Habits of successful artists: Spark 1 — Learn to sell what you have made.

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Habits of successful artists: Spark 1 — Learn to sell what you have made.

Reading the book ‘The Icarus deception’ from Seth Godin, I came upon this list:

“The habits of successful artists”

  • Learn to sell what you have made.
  • Say thank you in writing.
  • Speak in public.
  • Fail often.
  • See the world as it is.
  • Make predictions.
  • Teach others.
  • Write daily.
  • Connect others.
  • Lead a tribe.

It stroke me with that much inspiration, that I decided to write one article on each (or try at least, no sense in sharing nonsense also). Easy peasy: in the order they appear.

First up: Learn to sell what you have made.

I couldn’t agree more. I’m the first to take blame, but being able to ship is in my opinion the key differentiating element for companies big and small. For some reason, in small companies, it seems like the natural thing to do. Probably because shipping there is the only way to generate revenue to pay for the cost you made. Off course, this is not different in large companies, but apparently, there is moment where companies come at a stage where the direct impact of not generating revenue right away is not that visible anymore. If you are big enough, there is no risk that you will not be able to pay your cost at the end of the week (off course, also this is an illusion, but perception is everything off course).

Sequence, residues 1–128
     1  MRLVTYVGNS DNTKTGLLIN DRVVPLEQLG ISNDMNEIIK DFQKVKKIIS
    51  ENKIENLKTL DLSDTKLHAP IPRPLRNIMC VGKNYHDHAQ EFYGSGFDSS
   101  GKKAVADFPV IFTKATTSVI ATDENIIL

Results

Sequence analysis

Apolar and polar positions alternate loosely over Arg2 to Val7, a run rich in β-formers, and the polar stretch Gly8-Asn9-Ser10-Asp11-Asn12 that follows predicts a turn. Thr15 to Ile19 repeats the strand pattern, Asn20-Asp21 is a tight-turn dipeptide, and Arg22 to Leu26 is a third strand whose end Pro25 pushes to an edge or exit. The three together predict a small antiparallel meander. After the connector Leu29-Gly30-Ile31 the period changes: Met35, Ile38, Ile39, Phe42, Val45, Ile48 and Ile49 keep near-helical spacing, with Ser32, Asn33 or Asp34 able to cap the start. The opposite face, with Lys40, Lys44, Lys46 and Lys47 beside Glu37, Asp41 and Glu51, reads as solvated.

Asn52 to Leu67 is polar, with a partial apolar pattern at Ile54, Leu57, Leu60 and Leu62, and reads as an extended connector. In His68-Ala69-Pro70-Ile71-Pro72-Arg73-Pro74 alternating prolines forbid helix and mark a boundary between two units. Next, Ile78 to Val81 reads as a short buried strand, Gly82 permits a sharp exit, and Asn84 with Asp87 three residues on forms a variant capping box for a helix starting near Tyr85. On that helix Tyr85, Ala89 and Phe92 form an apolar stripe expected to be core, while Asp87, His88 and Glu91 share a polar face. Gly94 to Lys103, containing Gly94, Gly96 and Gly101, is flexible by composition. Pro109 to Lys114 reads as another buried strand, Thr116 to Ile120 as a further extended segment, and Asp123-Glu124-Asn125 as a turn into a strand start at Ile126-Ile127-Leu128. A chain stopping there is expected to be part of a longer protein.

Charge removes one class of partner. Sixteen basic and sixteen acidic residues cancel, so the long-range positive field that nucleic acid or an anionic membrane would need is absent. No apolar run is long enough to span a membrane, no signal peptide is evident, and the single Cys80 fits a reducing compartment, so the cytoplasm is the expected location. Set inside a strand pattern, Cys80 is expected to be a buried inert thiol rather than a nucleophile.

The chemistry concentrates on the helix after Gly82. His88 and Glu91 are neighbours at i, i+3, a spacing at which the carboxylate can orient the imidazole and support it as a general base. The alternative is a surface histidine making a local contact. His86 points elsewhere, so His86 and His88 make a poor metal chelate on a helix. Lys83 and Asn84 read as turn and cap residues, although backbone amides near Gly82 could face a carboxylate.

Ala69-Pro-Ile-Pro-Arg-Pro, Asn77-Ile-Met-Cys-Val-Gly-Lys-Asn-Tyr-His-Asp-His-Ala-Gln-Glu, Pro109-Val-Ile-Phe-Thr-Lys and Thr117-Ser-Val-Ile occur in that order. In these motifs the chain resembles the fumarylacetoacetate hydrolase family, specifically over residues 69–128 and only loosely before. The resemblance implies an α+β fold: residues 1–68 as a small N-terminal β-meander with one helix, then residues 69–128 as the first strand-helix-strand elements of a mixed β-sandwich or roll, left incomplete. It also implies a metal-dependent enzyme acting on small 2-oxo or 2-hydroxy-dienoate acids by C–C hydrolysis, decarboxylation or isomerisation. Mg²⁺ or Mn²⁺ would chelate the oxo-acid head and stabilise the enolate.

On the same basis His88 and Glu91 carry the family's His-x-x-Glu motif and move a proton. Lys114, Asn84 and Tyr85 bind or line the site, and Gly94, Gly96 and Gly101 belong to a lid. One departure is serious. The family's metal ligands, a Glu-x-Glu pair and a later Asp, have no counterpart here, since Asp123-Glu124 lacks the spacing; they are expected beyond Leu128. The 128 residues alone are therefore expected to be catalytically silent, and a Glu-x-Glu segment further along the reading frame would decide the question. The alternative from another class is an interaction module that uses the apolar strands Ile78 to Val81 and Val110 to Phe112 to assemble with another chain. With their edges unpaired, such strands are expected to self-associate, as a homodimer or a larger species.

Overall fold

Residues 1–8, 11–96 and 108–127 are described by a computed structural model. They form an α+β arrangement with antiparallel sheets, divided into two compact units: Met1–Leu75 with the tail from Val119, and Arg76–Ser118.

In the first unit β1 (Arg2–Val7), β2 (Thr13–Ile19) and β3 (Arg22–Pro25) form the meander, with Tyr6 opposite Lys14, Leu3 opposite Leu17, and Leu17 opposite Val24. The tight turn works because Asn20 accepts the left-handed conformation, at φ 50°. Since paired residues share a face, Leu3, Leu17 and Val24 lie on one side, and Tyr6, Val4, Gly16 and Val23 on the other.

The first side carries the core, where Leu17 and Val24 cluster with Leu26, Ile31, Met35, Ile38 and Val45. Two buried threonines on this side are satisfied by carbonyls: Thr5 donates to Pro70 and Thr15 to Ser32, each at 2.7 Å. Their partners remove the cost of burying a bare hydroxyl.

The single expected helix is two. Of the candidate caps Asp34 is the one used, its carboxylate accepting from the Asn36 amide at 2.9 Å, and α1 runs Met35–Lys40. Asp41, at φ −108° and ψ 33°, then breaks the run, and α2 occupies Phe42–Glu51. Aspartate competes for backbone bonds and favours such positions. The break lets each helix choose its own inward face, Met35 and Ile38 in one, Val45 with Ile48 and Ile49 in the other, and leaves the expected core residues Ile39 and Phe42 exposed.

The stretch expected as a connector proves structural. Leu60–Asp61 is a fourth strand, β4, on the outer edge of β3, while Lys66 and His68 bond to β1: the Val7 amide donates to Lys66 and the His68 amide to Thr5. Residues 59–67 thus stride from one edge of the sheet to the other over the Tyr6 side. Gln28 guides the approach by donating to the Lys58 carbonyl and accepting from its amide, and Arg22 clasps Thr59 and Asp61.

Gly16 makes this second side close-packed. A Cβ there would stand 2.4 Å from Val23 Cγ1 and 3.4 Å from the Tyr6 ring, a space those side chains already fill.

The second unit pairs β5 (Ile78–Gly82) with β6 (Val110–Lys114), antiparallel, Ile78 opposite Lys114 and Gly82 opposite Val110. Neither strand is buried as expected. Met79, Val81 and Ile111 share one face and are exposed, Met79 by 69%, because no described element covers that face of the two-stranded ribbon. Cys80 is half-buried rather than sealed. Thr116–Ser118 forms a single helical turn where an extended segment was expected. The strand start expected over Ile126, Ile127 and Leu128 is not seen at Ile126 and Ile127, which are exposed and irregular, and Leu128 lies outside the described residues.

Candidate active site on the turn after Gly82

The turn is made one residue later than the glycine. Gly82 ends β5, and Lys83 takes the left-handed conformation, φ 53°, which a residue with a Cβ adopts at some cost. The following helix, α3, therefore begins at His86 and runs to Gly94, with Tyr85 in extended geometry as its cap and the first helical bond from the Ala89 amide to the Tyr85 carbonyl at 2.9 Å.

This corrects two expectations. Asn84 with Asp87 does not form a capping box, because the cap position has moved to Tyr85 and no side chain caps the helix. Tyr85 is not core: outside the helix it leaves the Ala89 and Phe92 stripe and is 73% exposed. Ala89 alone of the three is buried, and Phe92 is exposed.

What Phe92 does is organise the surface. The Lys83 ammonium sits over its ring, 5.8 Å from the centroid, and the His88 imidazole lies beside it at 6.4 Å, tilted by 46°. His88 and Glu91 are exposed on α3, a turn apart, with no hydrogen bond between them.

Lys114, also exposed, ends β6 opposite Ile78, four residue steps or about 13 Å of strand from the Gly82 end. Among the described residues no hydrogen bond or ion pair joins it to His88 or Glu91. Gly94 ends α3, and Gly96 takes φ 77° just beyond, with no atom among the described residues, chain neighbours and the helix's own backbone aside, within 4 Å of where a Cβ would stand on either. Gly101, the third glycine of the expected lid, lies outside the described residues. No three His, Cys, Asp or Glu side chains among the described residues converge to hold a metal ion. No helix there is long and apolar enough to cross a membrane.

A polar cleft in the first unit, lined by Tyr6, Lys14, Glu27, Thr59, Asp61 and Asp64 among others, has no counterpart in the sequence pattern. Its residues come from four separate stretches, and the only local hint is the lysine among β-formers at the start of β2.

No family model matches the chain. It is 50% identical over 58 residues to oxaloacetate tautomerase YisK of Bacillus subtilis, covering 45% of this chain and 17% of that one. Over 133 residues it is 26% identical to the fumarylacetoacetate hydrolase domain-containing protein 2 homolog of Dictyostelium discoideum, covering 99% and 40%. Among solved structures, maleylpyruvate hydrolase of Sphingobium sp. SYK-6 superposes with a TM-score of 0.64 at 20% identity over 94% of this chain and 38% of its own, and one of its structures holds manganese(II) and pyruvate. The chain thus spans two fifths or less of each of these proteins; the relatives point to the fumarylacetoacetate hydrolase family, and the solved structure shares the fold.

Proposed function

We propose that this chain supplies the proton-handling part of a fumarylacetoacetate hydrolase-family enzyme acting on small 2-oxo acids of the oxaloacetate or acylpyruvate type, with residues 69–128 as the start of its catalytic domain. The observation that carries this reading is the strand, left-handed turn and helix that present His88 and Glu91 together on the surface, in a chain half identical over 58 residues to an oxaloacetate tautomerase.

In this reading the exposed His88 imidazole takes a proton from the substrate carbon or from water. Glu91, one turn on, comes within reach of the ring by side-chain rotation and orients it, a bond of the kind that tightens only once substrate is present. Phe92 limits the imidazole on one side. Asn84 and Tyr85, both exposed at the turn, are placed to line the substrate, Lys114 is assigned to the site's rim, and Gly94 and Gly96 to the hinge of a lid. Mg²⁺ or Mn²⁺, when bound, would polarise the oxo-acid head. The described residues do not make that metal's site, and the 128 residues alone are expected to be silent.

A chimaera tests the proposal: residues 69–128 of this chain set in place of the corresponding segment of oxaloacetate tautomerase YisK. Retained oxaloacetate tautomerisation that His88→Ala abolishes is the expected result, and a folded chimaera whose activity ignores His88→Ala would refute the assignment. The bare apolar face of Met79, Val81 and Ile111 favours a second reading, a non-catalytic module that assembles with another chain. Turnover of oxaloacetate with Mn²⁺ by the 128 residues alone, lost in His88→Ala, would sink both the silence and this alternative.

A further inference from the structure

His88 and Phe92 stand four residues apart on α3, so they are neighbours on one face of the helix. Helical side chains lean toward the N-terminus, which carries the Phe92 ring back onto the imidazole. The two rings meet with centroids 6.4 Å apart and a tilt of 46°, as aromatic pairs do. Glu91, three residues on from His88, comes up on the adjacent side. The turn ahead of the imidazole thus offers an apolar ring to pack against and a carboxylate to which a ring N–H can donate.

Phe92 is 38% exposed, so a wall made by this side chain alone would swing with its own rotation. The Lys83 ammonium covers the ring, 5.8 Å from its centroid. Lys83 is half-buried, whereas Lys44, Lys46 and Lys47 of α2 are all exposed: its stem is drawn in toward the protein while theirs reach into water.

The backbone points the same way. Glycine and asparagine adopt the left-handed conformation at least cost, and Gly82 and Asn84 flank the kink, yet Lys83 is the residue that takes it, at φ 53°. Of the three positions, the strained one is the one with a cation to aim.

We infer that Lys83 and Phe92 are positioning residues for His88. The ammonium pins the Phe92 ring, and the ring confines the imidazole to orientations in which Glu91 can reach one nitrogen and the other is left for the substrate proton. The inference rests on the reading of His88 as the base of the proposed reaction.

Another element might be that the (perceived) risk of doing some wrong is bigger in a big company than in a small. Putting it this way: if you are a one man company and you screw up big time, you need to find another job and you need to work during the week end to pay of some debt, if you are a company with 1000 employees and you screw up as a company, 1000 people need to find a new job and millions are lost for shareholders. And off course, most shareholders don’t like risk…

The only way out of this is to start putting a risk premium on ‘not shipping’, on ‘not doing anything’ or ‘doing as last year and hoping that the outcome will not be too much different’. In economical terms: this is not only the opportunity cost, but also the cost of loosing your first mover advantage or even the cost of becoming obsolete.

Whenever you think: I will not present these figures to my boss this week because it’s not what he wants to hear and I want to check some extra figures, force yourself to not only put into the equation your fear (Seth would call it ‘your lizard brain’), but also the cost of loosing one week time in adapting if you prove to be right…

Shipping this article now!

Also available on Medium.


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